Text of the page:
The army of Mum-Ho-Thep's confidence is at a peak, but all the while a small unit of Ulther Deathfist's Chaos Warriors has been stealthily creeping towards the storehouses of Locusti. Having captured an Alderman of the town council and interrogated him, Ulther now knows the exact location of the Hatemaker. If his men can just overcome the skeleton archers and the Monks victory will go to Chaos!

Girding their loins, the Chaos Warriors charge in knowing that victory or defeat hangs in the balance.

The Deathfist loses himself in the glory of slaughter, heedless of his numberless foes he is at the forefront of battle and laughs with joy.

Though they sell their lives dearly, the army of Ulther gradually shrinks into an ever smaller line and a dangerous gap begins to open up.

The Chaos infiltration unit easily slaughter the skeleton archers, though their foe simply will not break. Instability begins to overwhelm the Undead however as the magic knitting them together starts to unravel.

The fanatical guards are still defending the War Altar successfully but are dying one by one, the magic binding the Carrion remains strong. 

The Zombie Dragon and the living monsters pursue the routing Chaos Warriors, a great gap has opened up in the Chaos line but the Fimir are guarding against a Dark Elf victory over the scorpion swarm and are thus preventing Mum-Ho-Thep's centre from exploiting the weakness.

Kraust's Ethereals and Death Riders are defiantly trying to kill one Dark Elf mage while avoiding the life-zone spell of the other but the magic keeping them bound to this plane is weakening fast.

Spared the attentions of the Undead by the magical sanctuary the Dark Elf heavy cavalry are systematically destroying the carpet of scorpions and start looking to the next fight against the Fimir's worm-things already.

The arrogance of the Dark Elves is to prove their undoing however! They are identified as a serious threat and subjected to a barrage of missiles, magic and assaults. They are crushed under the attentions of all the Undead horde can throw at them, a handful of exhausted scorpions remain but decide to burrow under the ground rather than fight on.

The Fimir have worked themselves up into a frenzy but now there is virtually no enemy left for them to face! Still, their loyalty will be richly rewarded.

The river bank, clear of Elves at last. As the last falls he utters a sigh of bittersweet regret.

In the centre, the collapse of Norse's position seems inevitable. A strange lethargy overtakes the Zombie Dragon and the pursuit falters, perhaps because Mum-Ho-Thep wishes to recruit some of his former enemies as subjects?

Finally, the skeleton archers are destroyed, the Chaos infiltrators can move on the the storeroom defended by the Monks of Maisontaal. The defenders remain unaware of the importance of the coming struggle! Please note the position of the Undead Giant Cyclops approaching the town's storeroom walls....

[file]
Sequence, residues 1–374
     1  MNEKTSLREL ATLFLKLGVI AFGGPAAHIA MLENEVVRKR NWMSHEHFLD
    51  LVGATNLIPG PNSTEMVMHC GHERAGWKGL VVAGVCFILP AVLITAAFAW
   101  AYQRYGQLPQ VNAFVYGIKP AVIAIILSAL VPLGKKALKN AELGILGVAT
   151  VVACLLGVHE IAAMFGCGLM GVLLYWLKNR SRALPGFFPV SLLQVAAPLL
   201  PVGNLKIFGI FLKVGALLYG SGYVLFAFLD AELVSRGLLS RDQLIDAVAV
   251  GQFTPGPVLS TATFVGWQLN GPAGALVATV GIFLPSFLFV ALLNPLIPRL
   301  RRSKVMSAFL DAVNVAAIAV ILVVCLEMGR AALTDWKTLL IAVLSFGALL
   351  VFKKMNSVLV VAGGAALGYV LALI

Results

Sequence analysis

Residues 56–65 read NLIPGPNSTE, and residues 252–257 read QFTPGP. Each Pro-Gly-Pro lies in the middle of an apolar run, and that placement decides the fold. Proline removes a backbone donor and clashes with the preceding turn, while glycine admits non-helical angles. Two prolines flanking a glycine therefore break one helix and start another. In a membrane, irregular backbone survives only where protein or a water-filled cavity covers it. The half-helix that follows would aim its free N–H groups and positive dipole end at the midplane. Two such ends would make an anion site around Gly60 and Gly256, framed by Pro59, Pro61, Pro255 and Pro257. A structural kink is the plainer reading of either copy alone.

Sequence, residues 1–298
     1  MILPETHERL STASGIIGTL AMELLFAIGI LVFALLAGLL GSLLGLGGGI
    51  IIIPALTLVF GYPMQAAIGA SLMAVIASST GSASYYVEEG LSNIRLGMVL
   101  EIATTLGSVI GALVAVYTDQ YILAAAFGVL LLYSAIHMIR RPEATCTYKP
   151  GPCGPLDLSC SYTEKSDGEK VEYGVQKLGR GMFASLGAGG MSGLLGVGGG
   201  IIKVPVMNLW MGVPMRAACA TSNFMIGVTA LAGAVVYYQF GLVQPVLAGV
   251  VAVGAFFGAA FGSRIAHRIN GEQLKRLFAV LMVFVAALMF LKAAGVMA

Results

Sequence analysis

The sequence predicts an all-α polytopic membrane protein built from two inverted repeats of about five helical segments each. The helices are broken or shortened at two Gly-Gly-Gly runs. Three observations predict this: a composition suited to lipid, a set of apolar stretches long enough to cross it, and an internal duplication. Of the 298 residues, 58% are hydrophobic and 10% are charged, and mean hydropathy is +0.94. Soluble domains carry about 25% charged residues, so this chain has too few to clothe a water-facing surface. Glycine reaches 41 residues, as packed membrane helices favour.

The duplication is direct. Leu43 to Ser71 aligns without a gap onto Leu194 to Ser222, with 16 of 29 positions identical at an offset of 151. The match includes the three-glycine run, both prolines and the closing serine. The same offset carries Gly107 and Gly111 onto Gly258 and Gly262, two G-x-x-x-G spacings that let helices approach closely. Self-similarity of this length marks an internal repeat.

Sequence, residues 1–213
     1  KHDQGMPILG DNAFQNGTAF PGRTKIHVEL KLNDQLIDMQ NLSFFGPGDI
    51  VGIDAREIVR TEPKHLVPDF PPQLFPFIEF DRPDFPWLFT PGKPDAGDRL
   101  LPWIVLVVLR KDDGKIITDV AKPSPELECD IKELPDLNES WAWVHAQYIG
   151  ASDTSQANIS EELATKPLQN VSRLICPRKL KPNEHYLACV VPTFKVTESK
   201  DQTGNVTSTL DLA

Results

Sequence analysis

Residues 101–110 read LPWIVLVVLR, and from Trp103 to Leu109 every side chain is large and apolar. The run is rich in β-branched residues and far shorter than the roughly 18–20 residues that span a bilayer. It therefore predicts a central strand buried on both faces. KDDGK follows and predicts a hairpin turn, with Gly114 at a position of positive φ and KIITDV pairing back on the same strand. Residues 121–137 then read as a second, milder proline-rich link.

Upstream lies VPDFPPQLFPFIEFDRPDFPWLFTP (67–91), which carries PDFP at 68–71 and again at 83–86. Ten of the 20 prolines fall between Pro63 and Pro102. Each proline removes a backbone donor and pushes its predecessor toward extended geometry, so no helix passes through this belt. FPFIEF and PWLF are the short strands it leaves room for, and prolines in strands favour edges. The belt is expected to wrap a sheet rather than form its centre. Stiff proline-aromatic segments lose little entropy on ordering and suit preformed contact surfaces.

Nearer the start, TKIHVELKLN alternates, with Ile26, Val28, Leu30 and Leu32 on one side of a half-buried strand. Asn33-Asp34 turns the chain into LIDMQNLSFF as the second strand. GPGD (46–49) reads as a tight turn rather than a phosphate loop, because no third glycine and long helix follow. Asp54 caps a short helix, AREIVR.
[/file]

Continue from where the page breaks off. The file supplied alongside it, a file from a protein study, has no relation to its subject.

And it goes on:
Ulther's men have been streaming away from battle in one's and two's as their units are defeated by the fearsome Undead. Even the Deathfist himself gets swept up in the panic at one stage, a black day indeed. They rally though, for one last stand on the hill. Can they buy enough time to allow the infiltrators to be successful?

The Cyclops elects to clamber up the storeroom walls and assault the Chaos infiltration team, this could spell disaster for the Deathfist. The worthy and honourable GM declares that the Giant has retained a racial memory of falling over and must roll a 2+ to safely reach his target. Almost inevitably, a 1 appears on the dice and the giant tumbles back from the climb to be destroyed on the ground below. The above picture has been dramatised for effect.

The infiltrators smash into the Monks but cannot oust them from their defended position and are hurled back, they must try again.

Turning aside from it's fruitless job of smashing the Lichemaster's army, Ulther's Chaos Dwarf mortar hammers the War-Tortoise and kills most of it's Goblin crew. The beast runs amok and attacks it's own Marsh Goblin allies in the flank!

Once more into the breach, this time many Monks are slain for the loss of only one Warrior and the result is a draw. So close now! The Chaos troops can feel the swelling anger of the Hatemaker as it's awareness expands due to it's seemingly imminent retrieval.

The surviving troops under Norse are surrounded and cut off, whatever the outcome this day they have fought their last battle for Khorne.

It is as if Khorne withdraws his support for his failing troops, the last of the cultists fall and the Carrion take a giant poo in the blood cauldron of the War Altar. A moan of despair runs through the Khornate ranks and some turn their backs to the enemy as they flee.

The tragedy unfolds further as the Lichemaster and his servants run down the Deathfist himself, he is ignominiously trampled beneath the feet of the Undead infantry as they march on.

After a last, desperate attempt to overcome the Monks, the exhausted infiltrators are themselves beaten and die to a man in the service of their Lord. It is almost as if Khorne's own dejected hand descends from above and sweeps them from the field of battle in disgust.